We checked out of the Delray Sands in the morning to begin the several hour drive across the Sunshine State of Florida towards our next destination – Naples and the Paradise Coast! The two and a bit hour drive took us south from Delray Beach to Fort Lauderdale, before turning West onto the Interstate 75, heading inland and across from the Atlantic Ocean, to the warmer waters and colourful sunsets of the Gulf of Mexico. The road took a beautiful straight line west, through the Everglades Wildlife Management Area, through the Big Cypress National Preserve along Aligator Alley and finally skimming the edge of the Fakahatchee Strand State Preserve, before arriving in Naples. We knew were arriving as we began to smell the change in the air, with a slight hint of salt and that unknown something that makes the corners of your mouth smile as it hits your nostrils!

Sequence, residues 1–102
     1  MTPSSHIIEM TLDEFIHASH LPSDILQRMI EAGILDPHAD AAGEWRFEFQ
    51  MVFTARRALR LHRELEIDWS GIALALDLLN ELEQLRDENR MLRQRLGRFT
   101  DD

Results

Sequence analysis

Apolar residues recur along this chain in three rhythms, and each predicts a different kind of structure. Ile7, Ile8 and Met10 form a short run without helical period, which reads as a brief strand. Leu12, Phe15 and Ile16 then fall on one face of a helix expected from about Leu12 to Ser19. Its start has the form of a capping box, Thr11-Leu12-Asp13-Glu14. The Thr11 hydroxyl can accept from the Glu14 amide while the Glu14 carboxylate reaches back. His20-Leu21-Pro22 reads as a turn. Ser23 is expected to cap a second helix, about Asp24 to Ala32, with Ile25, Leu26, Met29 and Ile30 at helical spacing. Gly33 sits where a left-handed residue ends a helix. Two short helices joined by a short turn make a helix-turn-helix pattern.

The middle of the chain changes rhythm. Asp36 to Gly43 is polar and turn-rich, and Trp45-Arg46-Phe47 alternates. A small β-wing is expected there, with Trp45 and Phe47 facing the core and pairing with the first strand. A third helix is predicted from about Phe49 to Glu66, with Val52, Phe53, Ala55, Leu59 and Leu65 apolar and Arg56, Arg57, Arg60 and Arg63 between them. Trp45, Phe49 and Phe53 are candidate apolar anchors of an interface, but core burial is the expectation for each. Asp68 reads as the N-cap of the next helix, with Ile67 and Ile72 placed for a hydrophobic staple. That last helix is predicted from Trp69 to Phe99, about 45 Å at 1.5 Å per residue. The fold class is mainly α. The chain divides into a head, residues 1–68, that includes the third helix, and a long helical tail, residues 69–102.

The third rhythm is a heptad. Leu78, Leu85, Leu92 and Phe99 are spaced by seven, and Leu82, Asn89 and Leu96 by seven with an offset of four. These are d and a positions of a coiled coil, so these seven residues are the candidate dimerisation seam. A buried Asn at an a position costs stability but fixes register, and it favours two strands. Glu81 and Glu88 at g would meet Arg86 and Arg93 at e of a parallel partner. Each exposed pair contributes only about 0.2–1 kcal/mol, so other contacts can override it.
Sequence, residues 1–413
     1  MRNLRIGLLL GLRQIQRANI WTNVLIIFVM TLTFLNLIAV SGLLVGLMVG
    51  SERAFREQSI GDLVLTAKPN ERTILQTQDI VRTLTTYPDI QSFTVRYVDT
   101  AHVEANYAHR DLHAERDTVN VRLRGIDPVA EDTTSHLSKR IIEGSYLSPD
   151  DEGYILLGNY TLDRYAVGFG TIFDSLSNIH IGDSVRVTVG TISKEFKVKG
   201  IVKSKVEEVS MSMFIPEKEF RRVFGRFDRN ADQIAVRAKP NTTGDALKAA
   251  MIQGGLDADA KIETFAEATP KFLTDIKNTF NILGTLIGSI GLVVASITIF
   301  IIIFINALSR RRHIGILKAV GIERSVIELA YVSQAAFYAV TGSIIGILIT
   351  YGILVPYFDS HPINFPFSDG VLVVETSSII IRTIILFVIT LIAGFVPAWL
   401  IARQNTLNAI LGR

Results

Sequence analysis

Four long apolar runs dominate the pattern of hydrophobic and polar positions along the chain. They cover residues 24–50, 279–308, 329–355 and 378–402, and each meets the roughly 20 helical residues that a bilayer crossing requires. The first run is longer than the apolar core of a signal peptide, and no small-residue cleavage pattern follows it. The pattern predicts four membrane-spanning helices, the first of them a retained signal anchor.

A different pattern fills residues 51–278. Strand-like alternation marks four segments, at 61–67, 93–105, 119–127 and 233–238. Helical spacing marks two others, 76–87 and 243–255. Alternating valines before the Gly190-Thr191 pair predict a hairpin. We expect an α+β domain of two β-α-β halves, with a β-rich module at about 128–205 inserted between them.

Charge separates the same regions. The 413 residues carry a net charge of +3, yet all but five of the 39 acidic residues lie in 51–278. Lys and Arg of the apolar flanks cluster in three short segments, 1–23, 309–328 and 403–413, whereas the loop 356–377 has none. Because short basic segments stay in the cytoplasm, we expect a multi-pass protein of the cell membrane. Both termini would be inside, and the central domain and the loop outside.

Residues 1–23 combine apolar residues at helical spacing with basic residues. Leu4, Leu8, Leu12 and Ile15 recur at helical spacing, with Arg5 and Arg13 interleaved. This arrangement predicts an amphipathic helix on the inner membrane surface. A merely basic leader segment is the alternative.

Check out some of the cool and cheap tours you could do in Fort Lauderdale
As drove through town, towards the seafront, the Naples Grande Beach Resort appeared in front of us, like a giant ode to the Mediterranean, elegant despite its size and shape, softened by the sloping roof, characterized by the terracotta tiles and texturized by the pattern of the inset balconies. The entrance hall was certainly ‘grande’ with a three-story atrium space, populated by an indoor sculptural waterfall.
We checked into our room on one of the high floors, which had an amazing view over the waterside homes and canals to the left and to the right, Clam Pass Park, Outer Clam Bay and the Gulf of Mexico Beyond. We had a very large room with two king-size beds and everything else that you would expect from a five-star hotel.
There were three swimming pools! One for families and children, featuring a zero-entry, beach style entry and a 100-foot white water slide, a relaxing adult-only pool and spa pool, with private cabanas available for rent and a final pool, hidden away for guest to exercise and swim laps.